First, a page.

The Full Wiki

Donald McKay: Wikis

Advertisements
  
  

Note: Many of our articles have direct quotes from sources you can cite, within the Wikipedia article! This article doesn't yet, but we're working on it! See more info or our list of citable articles.

Encyclopedia

From Wikipedia, the free encyclopedia

Donald McKay
Born September 4, 1810 (1810-09-04)
Jordon Falls, Nova Scotia
Died September 20, 1880 (1880-09-21)
Hamilton, MA, USA
Occupation Ship Designer
Known for Flying Cloud
Spouse(s) Albenia Boole and Mary Cressy Litchfield

Donald McKay (1810–1880) was a Canadian-born American designer and builder of sailing ships.

He was born in Jordan Falls, Shelburne County on Nova Scotia's South Shore. In 1826 he moved to New York, working for shipbuilders Brown & Bell and Isaac Webb.[1] In 1841, he opened his first yard in Newburyport and moved to East Boston in 1845, building substantial packet ships for the Atlantic emigrant route. McKay later designed and built some of the most successful clippers ever built. His house in East Boston is on the National Register of Historic Places.

Contents

McKay's clippers

McKay Shipyard, East Boston, ca.1855

McKay's Design Practices

McKay's designs were characterized by a long, fine bow with increasing hollow and waterlines as his career progressed. He was perhaps influenced by the writings of John Griffiths, designer of Rainbow (1845), an early China clipper. The long, hollow bow helped to penetrate rather than ride over the wave produced by the hull at high speeds, reducing resistance as hull speed is approached. Hull speed is the natural speed of a wave the same length as the ship, in knots, 1.34 \times \sqrt{\mbox{LWL}}, with LWL the waterline length in feet. His hulls had a shorter afterbody, putting the center of buoyancy farther aft, than was typical of the period, as well as a full midsection with rather flat bottom. These characteristics led to lower drag at high speed compared to contemporary ships of similar length, as well as great stability which translated into the ability to carry sail in high winds (more power in extreme conditions). His fishing schooner design was even more radical than his clippers, being a huge flat-bottomed dinghy similar in form to 20th century planing boats. These design changes were not favorable for light wind conditions such as were expected on the China trade, but were helpful in the California and Australian trades.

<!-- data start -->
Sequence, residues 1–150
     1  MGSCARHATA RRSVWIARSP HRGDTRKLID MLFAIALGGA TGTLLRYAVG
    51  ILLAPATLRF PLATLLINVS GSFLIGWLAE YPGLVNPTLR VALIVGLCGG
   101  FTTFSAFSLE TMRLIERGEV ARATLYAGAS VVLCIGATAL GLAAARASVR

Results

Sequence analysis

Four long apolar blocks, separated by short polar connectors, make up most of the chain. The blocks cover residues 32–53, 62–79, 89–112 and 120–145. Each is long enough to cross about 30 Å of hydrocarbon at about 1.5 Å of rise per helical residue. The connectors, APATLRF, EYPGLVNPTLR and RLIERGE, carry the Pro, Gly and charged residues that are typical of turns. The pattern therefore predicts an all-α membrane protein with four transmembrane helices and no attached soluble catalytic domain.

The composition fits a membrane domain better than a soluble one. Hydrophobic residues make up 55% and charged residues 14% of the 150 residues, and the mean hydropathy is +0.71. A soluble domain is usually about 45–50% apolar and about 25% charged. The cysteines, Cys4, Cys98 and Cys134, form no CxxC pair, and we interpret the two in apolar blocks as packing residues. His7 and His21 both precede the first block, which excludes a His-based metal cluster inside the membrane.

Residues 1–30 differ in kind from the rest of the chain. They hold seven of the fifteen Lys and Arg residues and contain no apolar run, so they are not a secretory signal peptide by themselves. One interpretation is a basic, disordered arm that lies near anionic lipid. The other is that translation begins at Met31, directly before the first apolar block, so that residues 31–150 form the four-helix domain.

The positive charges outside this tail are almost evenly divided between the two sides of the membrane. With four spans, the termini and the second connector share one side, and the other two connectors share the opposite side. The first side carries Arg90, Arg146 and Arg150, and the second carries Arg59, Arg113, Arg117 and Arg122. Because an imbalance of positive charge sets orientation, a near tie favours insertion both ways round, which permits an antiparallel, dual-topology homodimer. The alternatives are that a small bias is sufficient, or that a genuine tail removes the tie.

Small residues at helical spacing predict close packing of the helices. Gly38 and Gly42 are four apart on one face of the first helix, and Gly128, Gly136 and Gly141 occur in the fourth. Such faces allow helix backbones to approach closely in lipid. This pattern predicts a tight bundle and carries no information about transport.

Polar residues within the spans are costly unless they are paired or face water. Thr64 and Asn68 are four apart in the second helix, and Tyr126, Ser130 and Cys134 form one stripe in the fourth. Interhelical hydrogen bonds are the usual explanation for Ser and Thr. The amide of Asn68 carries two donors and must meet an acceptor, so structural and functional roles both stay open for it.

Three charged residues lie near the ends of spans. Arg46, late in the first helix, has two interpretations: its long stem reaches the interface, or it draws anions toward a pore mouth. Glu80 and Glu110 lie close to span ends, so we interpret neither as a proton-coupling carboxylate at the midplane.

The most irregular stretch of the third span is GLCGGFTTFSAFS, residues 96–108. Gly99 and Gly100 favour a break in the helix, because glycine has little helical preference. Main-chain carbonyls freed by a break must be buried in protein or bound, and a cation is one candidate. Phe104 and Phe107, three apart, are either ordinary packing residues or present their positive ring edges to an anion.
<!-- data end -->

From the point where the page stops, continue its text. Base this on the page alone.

Records Set by McKay's Clippers

  • Lightning set multiple records
    • 436 miles in a 24-hour period
    • 64 days from Melbourne, Australia, to Liverpool, England
  • Sovereign of the Seas posted the fastest speed ever by a sailing ship - 22 kts. in 1854.
  • James Baines logged a speed of 21 knots (June 18, 1856)
  • Flying Cloud made two 89-day passages New York to San Francisco[2]

McKay's other Ships

Between 1845 and 1850 McKay built five large packet ships for Enoch Train's White Diamond line, which specialised in the Atlantic emigrant route from Europe to North America. These were the Washington Irving, the Anglo Saxon, the Anglo American, the Daniel Webster, and the Ocean Monarch.[3] The Ocean Monarch was lost to fire on 28 August 1848, soon after leaving Liverpool and within sight of Wales; over 170 of the passengers and crew perished.[4] The Washington Irving carried Patrick Kennedy to Boston in 1849.

McKay is also probably the designer of two fishing schooners of an extreme clipper design, the Mary B. Dyer and H & R. Attwood.[5]

During the American Civil War he was contracted by the US Navy to build the USS Nausett, one of the few Casco-class monitors to be commissioned. There is a monument to McKay in South Boston, near Fort Independence, overlooking the channel, that lists all his ships. There were more than 30.

Trivia

  • Pan Am named one of their Boeing 747s Clipper Donald McKay in his honor.

He was the great-great-grandfather of the American actor, author, and artist Gardner McKay (1932-2001).

References

  1. ^ McCutchan, Philip Tall Ships The Golden Age of Sail London Book Club Associates 1976 p.37
  2. ^ Octavius T. Howe; Frederick G. Matthews (1986). American Clipper Ships 1833-1858. 1. New York. ISBN 0-486-25115-2.  
  3. ^ Laxton, Edward The Famine Ships The Irish Exodus to America 1846-51 London Bloomsbury 1997 pp144-5 ISBN 0747535000
  4. ^ Laxton, Edward op cit pp91-8
  5. ^ Howard I. Chapelle (1973). The American Fishing Schooners. New York. p. 105. ISBN 0-393-03123-3.  

External links

Advertisements

Advertisements






Got something to say? Make a comment.
Your name
Your email address
Message